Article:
"I know he was heck of a softball player back when he was in his 20s and 30s," Bob Jr. said. "When we were growing up, he was working every day at LOF (as a maintenance supervisor) and I remember going to fast-pitch softball games. They would travel and play in tournaments all over the Midwest. When we were kids, we were always at a fast-pitch softball game."

Bob Sr. and his wife, Sharon, included their kids in everything. Family was always a priority.

Bob Jr., who graduated from St. Francis de Sales in 1973, played baseball and basketball for the Knights. He was a junior shortstop on the 1972 team, coached by Jim Kubacki, that lost in the Class AAA state semifinals, 6-5, to eventual champion Cincinnati Moeller.

 

Stritch at state tourney

Vickie played forward at Cardinal Stritch and helped the Cardinals' basketball team reach the state tournament in 1976, the first year the OHSAA held a state basketball tourney for girls. Stritch lost to Columbus Bishop Hartley, 45-35, in the Class AA semifinals.

"Mom and Dad were always at all of our contests," said Bob Jr., who played baseball at Kent State from 1974-77.

Fishing and hunting were always a big deal for Bob Sr.; he made sure to include his two kids if they wanted to tag along.

"He loved to fish and hunt," Bob Jr. said. "Me and my sister went fishing the last several years with his good friend, Bob Lamb. My dad had a boat for a long time. Bob was very nice to my dad and they would go fishing all the time. Dad liked to hunt for deer and rabbit, and he would go to Pennsylvania every year with friends from work, Don Mercer and Jim Mercer."

"My parents were both very family-oriented," Vickie added, "and my father was quite the outdoorsman and athlete. He saw that in both of us kids. My dad didn't care if I was a girl. If he went hunting and fishing, I was there. I never once felt that my dad wished he'd had another boy, no matter what it was."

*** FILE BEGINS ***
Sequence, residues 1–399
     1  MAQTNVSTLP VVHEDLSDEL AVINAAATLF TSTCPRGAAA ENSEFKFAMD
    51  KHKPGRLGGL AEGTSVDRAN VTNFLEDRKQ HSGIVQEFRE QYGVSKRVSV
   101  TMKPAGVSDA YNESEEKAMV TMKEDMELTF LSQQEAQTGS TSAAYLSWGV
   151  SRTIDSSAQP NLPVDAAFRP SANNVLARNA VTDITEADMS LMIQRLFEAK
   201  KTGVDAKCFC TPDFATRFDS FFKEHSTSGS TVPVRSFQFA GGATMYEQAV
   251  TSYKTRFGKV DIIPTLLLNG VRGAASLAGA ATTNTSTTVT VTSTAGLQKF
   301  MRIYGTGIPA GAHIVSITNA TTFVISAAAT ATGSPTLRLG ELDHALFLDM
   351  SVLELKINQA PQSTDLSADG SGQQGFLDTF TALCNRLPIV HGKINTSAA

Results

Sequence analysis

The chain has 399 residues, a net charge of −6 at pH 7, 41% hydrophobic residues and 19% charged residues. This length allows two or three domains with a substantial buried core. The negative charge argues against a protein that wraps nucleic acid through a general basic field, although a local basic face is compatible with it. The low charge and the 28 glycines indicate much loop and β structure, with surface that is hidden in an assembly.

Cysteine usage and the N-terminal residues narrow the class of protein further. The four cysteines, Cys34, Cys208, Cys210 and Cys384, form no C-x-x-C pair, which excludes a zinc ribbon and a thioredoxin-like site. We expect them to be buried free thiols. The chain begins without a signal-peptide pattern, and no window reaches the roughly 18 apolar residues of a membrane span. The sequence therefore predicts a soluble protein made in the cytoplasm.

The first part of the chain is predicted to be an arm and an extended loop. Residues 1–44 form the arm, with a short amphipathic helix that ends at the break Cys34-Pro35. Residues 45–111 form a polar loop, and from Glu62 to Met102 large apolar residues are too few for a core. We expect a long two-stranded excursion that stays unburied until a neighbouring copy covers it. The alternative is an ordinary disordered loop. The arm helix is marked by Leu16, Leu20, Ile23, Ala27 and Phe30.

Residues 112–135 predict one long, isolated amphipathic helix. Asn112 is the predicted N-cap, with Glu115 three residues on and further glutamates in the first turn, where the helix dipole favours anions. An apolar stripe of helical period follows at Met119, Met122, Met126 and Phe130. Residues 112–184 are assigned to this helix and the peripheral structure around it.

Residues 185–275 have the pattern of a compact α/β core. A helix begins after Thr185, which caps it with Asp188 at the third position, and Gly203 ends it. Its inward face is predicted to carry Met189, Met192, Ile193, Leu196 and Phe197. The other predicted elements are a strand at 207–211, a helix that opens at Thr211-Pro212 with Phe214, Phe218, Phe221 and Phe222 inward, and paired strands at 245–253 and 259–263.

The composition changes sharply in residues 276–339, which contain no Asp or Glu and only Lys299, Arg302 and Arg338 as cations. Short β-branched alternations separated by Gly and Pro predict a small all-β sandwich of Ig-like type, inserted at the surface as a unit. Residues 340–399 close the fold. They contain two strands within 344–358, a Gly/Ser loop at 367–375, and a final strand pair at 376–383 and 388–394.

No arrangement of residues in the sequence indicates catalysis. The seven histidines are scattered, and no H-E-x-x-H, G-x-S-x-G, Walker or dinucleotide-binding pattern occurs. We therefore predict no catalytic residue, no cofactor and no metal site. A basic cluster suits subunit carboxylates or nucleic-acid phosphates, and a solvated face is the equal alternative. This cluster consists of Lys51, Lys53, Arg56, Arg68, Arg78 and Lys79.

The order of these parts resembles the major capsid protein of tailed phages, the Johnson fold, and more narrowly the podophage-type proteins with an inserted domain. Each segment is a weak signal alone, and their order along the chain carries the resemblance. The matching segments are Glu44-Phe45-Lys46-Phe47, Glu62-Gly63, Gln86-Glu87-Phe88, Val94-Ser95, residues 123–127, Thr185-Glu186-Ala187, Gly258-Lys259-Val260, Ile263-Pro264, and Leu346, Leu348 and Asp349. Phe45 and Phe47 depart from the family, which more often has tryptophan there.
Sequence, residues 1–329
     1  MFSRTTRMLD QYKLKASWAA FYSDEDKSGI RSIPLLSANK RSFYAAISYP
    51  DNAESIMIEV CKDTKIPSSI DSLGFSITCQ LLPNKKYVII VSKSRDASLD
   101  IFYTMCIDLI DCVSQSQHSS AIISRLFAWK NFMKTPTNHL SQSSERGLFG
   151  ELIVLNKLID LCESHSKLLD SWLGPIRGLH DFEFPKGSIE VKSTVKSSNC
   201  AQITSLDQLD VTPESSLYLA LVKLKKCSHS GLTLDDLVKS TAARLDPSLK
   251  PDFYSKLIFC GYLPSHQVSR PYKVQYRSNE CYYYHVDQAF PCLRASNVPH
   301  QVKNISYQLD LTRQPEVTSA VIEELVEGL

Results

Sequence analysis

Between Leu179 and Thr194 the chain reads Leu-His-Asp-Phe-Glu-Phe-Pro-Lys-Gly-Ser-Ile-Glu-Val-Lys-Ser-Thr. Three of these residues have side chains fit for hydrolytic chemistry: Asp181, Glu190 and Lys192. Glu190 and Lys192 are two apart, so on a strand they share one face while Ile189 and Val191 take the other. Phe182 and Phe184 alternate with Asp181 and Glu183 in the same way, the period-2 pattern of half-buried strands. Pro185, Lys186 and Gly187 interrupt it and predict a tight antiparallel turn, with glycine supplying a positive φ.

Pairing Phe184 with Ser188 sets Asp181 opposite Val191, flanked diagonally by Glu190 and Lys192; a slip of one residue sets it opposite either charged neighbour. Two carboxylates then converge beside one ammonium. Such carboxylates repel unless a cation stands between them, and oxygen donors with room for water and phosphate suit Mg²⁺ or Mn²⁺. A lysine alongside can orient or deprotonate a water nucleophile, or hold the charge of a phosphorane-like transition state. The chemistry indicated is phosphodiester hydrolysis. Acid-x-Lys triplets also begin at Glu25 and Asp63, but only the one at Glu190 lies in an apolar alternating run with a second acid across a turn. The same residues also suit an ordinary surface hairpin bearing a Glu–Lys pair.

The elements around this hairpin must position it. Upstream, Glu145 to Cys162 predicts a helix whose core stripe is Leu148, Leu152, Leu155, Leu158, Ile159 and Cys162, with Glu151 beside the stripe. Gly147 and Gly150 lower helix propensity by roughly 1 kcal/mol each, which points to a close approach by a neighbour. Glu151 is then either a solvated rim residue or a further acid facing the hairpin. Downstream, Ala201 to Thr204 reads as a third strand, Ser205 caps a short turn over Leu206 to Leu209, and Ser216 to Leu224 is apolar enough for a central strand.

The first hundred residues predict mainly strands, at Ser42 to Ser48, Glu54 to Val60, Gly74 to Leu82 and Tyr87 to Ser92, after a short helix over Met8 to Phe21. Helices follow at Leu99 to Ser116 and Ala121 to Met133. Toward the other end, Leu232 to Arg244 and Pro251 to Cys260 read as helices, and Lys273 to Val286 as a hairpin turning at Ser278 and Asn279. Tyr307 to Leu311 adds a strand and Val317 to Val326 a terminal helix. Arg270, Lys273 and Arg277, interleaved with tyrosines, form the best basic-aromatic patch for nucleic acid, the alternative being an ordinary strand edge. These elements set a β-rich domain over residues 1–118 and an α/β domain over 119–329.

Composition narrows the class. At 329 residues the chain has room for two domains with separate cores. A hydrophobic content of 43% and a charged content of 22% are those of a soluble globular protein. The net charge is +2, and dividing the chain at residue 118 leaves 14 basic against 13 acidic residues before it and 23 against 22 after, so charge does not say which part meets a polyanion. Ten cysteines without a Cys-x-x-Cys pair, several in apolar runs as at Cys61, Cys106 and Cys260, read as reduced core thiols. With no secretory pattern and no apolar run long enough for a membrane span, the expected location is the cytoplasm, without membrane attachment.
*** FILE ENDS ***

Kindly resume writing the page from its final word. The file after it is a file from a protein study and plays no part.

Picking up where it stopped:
Bob Sr. even made sure Vickie knew how to change a tire and change the oil before he allowed her get her driver's license.

"He wanted to make sure I could take care of myself," Vickie said.

Bob Sr. and Sharon, who were married 55 years, continued to be hands-on parents when Vickie was diagnosed with breast cancer in 2006. She is now cancer-free.

"My parents took me to every treatment I had, and there were a lot of them," Vickie said. "As hard as it was for my dad to watch me go through that, he made sure I was on time and went through the treatments. He made sure I knew he loved me."

In the last 10 years Bob Jr. and his father continued to do things together, such as attending UT basketball games and NCAA tournament games. They sat together at Ford Field in Detroit last year when North Carolina and Michigan State played during the regular season in December and again in the national championship game in March.

Bob Sr. was also a doting grandfather with his grandsons, Brett and Brad Honner, and granddaughters, Jessica and Adrienne Utter.

"He was extremely proud of his four grandchildren," Vickie said. "Probably more so than he was of me and my brother. Dad was a huge part of their lives, too."

NFL domestic violence